Today’s Video of the Day comes thanks to the U.S. Geological Survey and features a waterfall of lava shooting out the Hawaiian Kilauea volcano.
As we reported several weeks ago, the Kamokuna lava delta formed by the active Kilauea volcano collapsed and fell into the ocean. The fall caused massive waves and sent towering clouds of steam and dust into the sky. Lava deltas form when oozing lava reaches the ocean and cools, building new land on a very unstable foundation.
Soon after the collapse, we showed you footage taken from a boat of tourists witnessing molten lava shooting out of the collapsed volcano and into the ocean.
This week, the lava flow continues to furiously pour into the waters of the Pacific Ocean, causing treacherous conditions both on land and at sea.
According to the official USGS report, “At Kīlauea’s ocean entry on Jan. 28 and 29, the interaction of molten lava flowing into cool seawater caused pulsating littoral explosions that threw spatter (fragments of molten lava) high into the air. Some of these incandescent clasts fell on top of the sea cliff behind the ocean entry, forming a small spatter cone. During one exceptionally large burst, spatter was thrown about twice the height of the sea cliff. These ocean entry littoral explosions, both large and small, create hazardous conditions on land and at sea.”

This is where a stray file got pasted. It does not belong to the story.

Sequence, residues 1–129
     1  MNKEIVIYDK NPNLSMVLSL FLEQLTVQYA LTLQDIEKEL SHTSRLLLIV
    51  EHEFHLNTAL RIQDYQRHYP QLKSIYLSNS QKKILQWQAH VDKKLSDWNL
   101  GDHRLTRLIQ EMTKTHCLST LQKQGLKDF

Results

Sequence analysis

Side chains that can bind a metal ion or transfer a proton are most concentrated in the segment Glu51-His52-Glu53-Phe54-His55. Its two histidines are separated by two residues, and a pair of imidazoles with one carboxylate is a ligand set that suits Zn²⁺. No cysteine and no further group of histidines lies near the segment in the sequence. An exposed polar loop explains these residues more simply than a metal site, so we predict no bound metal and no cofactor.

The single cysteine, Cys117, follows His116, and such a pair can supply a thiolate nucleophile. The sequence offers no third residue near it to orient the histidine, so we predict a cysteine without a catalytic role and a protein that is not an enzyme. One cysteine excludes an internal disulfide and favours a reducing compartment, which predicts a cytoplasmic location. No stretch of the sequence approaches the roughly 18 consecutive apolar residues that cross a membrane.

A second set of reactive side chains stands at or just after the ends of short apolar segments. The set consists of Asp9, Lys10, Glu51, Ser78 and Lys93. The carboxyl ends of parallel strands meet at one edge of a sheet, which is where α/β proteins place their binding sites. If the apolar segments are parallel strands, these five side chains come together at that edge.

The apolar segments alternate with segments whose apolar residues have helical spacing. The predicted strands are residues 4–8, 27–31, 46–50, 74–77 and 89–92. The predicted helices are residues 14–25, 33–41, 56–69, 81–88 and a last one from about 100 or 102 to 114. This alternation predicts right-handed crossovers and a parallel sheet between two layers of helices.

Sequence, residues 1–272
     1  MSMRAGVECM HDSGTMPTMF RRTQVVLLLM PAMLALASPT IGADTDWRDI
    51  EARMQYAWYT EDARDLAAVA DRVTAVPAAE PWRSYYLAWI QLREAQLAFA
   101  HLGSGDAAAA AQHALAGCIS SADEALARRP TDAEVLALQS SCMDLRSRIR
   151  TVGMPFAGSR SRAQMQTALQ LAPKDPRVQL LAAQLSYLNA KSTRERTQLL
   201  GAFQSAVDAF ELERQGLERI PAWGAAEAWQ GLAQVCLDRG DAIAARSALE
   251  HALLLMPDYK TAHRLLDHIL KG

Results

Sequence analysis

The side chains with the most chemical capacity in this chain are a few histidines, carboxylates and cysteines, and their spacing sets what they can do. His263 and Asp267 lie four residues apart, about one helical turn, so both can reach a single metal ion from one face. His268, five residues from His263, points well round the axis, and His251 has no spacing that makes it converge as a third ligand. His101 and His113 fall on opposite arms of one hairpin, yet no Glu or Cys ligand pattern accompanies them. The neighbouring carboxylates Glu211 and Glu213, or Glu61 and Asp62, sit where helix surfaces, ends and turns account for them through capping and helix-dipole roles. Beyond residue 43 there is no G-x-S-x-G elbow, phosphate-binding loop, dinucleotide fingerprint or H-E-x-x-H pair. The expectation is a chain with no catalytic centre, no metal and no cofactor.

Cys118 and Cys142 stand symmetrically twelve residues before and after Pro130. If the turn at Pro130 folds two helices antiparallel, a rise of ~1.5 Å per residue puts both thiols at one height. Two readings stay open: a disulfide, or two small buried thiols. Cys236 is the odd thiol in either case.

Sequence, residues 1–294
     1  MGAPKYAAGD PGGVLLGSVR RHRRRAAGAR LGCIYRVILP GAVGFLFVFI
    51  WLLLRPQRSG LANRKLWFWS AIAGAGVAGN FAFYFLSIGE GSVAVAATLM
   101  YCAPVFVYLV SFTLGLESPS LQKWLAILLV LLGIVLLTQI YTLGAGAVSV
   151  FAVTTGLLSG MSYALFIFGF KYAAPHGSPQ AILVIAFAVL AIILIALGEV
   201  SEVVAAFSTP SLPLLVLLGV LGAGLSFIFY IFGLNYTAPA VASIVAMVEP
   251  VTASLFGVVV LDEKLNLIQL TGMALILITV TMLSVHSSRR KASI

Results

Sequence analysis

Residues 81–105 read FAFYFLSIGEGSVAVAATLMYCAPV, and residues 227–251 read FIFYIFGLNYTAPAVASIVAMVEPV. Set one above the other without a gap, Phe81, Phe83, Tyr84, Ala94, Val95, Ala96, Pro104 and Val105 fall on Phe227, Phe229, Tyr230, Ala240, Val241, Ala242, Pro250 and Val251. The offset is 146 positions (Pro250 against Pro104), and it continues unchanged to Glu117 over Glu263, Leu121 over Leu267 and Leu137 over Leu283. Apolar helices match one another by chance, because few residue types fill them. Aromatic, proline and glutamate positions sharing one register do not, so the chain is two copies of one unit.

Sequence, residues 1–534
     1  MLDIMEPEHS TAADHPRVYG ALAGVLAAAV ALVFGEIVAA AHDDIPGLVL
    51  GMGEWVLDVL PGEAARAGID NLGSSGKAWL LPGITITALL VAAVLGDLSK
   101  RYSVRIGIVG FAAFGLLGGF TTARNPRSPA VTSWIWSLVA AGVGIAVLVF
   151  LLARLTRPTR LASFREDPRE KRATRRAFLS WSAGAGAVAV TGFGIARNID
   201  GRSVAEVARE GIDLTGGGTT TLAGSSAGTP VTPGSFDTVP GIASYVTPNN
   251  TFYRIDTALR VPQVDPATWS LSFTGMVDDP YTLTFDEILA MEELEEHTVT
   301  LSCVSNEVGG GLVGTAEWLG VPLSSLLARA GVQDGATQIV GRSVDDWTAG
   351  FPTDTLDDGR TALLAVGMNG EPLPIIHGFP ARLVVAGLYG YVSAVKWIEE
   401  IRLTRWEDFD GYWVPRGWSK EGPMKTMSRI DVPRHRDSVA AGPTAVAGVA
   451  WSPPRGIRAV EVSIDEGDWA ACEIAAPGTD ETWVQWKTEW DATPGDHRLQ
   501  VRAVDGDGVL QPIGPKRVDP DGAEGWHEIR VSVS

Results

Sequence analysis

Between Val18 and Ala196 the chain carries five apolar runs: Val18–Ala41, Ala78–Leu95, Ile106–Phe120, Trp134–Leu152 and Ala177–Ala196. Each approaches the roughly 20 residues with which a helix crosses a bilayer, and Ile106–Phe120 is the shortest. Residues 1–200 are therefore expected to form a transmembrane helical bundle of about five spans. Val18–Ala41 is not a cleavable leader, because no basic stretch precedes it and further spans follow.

The Kilauea Eruption actually began all the way back in 1983. According to the USGS, it is the “most voluminous outpouring of lava from the volcano’s East Rift Zone in the past five centuries.”
By Rory Arnold, Earth.com Staff Writer
Video Credit: U.S. Geological Survey